In response to introspection, Watson and other early behaviorists believed that controlled laboratory studies were the most effective way to study learning. With this approach, manipulation of the learner's environment was the key to fostering development. This approach stands in contrast to techniques that placed the emphasis for learning in the mind of the learner. The 1913 article is often given credit for the founding of behaviorism, but it had a minor impact after its publication. His popular 1919 psychology text is probably more responsible for introducing behaviorist principles to a generation of future scholars of learning. In this way, Watson prepared psychologists and educators for the highly influential work of Skinner and other radical behaviorists in subsequent decades.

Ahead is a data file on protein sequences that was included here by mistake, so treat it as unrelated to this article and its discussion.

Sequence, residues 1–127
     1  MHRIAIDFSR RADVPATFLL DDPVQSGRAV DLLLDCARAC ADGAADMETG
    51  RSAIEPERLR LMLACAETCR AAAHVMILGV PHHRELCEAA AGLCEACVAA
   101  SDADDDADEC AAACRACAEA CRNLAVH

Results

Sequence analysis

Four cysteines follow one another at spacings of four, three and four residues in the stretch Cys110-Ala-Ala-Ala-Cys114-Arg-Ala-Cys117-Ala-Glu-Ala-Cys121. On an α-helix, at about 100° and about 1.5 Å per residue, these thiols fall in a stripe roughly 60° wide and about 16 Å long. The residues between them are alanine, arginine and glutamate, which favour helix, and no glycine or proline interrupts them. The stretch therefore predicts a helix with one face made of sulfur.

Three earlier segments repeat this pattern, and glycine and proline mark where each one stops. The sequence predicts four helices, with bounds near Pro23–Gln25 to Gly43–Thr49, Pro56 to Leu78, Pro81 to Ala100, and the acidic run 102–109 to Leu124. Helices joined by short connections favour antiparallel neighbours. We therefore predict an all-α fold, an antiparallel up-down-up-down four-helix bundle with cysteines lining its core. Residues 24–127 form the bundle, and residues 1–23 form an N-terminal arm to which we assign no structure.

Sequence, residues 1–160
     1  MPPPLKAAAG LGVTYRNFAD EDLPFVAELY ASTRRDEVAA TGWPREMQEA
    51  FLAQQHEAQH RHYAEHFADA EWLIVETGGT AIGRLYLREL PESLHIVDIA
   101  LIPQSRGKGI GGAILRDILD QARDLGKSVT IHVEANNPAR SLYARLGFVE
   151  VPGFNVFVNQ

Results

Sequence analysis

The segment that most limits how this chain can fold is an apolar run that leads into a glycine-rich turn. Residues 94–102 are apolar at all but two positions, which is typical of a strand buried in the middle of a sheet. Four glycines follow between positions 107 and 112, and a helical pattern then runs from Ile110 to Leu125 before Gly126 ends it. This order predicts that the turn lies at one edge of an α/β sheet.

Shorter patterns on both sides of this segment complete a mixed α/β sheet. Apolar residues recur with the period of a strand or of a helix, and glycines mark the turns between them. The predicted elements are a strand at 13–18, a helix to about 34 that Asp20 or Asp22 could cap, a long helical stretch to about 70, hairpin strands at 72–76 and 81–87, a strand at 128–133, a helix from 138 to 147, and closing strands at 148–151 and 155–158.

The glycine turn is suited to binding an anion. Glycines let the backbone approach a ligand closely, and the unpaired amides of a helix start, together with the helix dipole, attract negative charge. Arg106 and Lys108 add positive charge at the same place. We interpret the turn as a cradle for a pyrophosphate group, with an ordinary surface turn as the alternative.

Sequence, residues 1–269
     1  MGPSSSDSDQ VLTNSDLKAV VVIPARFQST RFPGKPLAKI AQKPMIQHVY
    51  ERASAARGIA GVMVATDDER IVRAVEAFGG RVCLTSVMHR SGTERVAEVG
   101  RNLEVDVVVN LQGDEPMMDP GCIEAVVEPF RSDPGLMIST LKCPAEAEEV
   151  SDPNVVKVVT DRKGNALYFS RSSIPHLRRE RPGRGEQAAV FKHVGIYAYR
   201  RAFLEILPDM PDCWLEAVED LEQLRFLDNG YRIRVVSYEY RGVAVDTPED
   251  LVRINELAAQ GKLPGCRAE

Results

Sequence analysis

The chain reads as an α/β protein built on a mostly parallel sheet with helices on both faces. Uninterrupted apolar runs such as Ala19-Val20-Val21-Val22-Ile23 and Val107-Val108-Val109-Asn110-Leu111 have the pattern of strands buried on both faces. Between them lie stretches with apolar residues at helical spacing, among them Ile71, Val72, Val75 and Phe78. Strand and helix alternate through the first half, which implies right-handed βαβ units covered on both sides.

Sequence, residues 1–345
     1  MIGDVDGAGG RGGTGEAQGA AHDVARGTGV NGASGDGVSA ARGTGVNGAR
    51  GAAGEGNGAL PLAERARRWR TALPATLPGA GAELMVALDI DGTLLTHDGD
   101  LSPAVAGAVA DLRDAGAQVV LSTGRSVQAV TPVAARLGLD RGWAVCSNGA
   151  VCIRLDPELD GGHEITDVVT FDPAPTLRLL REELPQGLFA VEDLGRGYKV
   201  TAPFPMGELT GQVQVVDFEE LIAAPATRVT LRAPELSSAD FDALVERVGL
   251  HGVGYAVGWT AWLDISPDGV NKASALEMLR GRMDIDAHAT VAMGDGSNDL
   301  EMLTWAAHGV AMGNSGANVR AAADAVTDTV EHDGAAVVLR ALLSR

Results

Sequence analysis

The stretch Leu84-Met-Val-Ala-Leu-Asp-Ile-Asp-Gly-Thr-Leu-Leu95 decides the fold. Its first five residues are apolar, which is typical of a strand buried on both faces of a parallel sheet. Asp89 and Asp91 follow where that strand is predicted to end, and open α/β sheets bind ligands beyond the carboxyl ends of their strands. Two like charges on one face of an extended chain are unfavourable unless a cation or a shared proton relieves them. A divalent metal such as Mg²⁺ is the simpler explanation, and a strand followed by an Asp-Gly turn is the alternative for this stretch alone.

The Little Albert Study
In 1920 Watson and an assistant, Rosalie Rayner, published one of the most famous research studies of the past century. Watson attempted to condition a severe emotional response in Little Albert, a nine-month-old child. Watson determined that white, furry objects, such as a rat, a rabbit, and cotton, did not produce any negative reaction in the baby. But by pairing together a neutral stimulus (white, furry animals and objects) with an unconditioned stimulus (a very loud noise) that elicited an unconditioned response (fear), Watson was able to create a new stimulus-response link: When Albert saw white, furry objects, this conditioned stimulus produced a conditioned response of fear. This study is generally presented as a seminal work that provided evidence that even complex behaviors, such as emotions, could be learned through manipulation of one's environment. As such, it became a standard bearer for behaviorist approaches to learning and is still widely cited in the early twenty-first century.
The "Dozen Healthy Infants"